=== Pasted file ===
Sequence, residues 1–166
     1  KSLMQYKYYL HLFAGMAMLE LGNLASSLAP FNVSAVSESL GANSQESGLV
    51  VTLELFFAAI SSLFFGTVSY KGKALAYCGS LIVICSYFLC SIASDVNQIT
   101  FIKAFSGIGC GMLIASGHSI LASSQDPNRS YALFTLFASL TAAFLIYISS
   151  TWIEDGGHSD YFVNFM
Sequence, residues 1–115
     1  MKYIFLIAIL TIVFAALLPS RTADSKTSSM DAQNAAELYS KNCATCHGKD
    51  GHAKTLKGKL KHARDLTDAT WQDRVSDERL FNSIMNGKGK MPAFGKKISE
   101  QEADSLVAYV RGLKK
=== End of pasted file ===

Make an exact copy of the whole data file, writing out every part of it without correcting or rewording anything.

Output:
Sequence, residues 1–166
     1  KSLMQYKYYL HLFAGMAMLE LGNLASSLAP FNVSAVSESL GANSQESGLV
    51  VTLELFFAAI SSLFFGTVSY KGKALAYCGS LIVICSYFLC SIASDVNQIT
   101  FIKAFSGIGC GMLIASGHSI LASSQDPNRS YALFTLFASL TAAFLIYISS
   151  TWIEDGGHSD YFVNFM
Sequence, residues 1–115
     1  MKYIFLIAIL TIVFAALLPS RTADSKTSSM DAQNAAELYS KNCATCHGKD
    51  GHAKTLKGKL KHARDLTDAT WQDRVSDERL FNSIMNGKGK MPAFGKKISE
   101  QEADSLVAYV RGLKK